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Food practices under Lockdown in France

Author: Fanny Devaux

Shifting from physical food shopping to online food shopping, cleaning food products after coming back from the supermarket, and preparing home made meals: these are three food related practices that many French people experienced during the lockdown. While the confinement public policy did not directly target food habits, it did have many impacts on the way French people shopped, cooked and ate. Based on 19 interviews conducted in Paris and its suburbs between May and June, we offer preliminary conclusions on the implementation and consequences of the lockdown measures on French people’s food-related practices.

On March 12th, the French president Emmanuel Macron gave a televised speech announcing the first measures directly aimed at French people’s everyday lives. This marked the beginning of a 55 day period of new and exceptionally precise measures, while the French economic system was partially shut down.

The French lockdown measures were exceptional on two levels: on the scale of the French public, who had never known such a precise and directive framing of their lives, and in comparison to many other European countries, which did not adopt such a strict lockdown. The government decided to close the schools and universities, and all the “non-necessary workers” were called to work from home. Restaurants were shut down but authorized to sell take-away meals and open markets were prohibited in most cities, but allowed in some of them by authorities.

As far as private businesses are concerned, it was mainly shops selling food that remained open, while employees of the  health sector and basic everyday life services remained working. The available data indicates that one third of the workers kept working outside, while one third worked from home, and one third did not work during the lockdown (lost their job or took a holiday) (Projet Coco, Policy brief n3, p.2).

Submitted by an interviewee

For people staying at home or working from home, a list of legitimate motives to leave their home was established (including going food shopping, going to the doctor, or practicing an individual sporting activity, for instance). In any case, their daily trips had to be limited to one kilometre around their houses, and one hour per day. Each trip outside the house was to be justified by filling in a form indicating the motive of the trip. During those trips, a list of sanitary measures were to be respected (social distancing, frequent hand washing, etc.).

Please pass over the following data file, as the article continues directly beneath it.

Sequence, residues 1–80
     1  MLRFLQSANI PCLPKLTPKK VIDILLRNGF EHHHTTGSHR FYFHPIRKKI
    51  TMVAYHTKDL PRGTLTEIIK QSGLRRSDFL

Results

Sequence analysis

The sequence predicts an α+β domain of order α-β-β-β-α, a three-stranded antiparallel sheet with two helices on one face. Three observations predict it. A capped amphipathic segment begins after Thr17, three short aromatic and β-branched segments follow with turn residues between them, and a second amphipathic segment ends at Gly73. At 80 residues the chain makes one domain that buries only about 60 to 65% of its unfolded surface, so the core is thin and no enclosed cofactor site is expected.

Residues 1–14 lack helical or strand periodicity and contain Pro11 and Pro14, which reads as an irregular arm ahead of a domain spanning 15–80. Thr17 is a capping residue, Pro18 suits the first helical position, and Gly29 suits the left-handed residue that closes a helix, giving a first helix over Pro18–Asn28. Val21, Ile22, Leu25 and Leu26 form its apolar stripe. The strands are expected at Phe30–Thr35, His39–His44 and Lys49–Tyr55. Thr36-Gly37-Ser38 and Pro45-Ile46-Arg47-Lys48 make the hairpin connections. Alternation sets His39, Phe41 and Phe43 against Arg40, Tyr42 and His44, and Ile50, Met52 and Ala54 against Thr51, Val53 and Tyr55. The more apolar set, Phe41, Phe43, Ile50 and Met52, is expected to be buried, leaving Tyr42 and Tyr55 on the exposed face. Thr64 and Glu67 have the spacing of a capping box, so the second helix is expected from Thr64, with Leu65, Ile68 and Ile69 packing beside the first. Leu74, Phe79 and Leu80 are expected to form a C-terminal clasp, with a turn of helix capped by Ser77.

While the lockdown was not directly aimed at re-shaping food habits, how did it finally impact French people’s food related practices?

Provisioning  and eating without risks during a pandemic

First, provisioning was one of the legitimate motives to go out established by the government. At the same time, the government issued several new sanitary recommendations to be applied while shopping (staying 1m away from other customers, washing hands before entering a shop, etc.). During the first weeks of the lockdown, supermarkets had to face several shortages of products considered to be “basic needs”, such as flour, eggs, milk and toilet paper.

Supermarkets hired security guards to secure the entrances of their shops and to regulate the number of clients allowed in the supermarket. As a result, people had to queue for long periods in front of their shops. The media echoed several stories about people arguing or fighting while queuing in front of supermarkets, or about a security guard who refused a mother to be accompanied by her child during her grocery shopping, because children were considered potentially contagious.

Thus, going shopping might have taken up new significance in people’s lives: while it was one of their only reasons left to be able to go out, it might also have been considered a risky trip. Our data proves that this tension unfolded in people’s lives in highly varied ways. Indeed, these new stakes surrounding shopping were coordinated into new lockdown routines, which followed people’s habits before the lockdown and depended on the extent to which the interviewees were ready to adapt to the rules or protect themselves from the pandemic.

Concretely, some of our interviewees completely reshaped their shopping habits during the pandemic. This meant changing modes of food shopping (from physical to ordering food online), frequency (from several times to once a month or so) or implementing new habits (disinfecting food before storing it) in order to reduce the exposition to the COVID-19 risk induced by the activity of food shopping. On the other hand, some interviewees seemed eager to keep their food routines unchanged, and continued going to the same places, at the same frequency, in order to keep some stability in their lives, or out of habit.

“Nothing changed compared to the usual. First, those are small Parisian flats. So in small flats we have small fridges. We cannot store tons and tons of food. Which means I tend to go grocery shopping not everyday but every two days. And one day out of two I would go grocery shopping. Still to the same places actually. After six years I am beginning to know where I can go.” (Quote from a 75 years all interviewee living in Paris)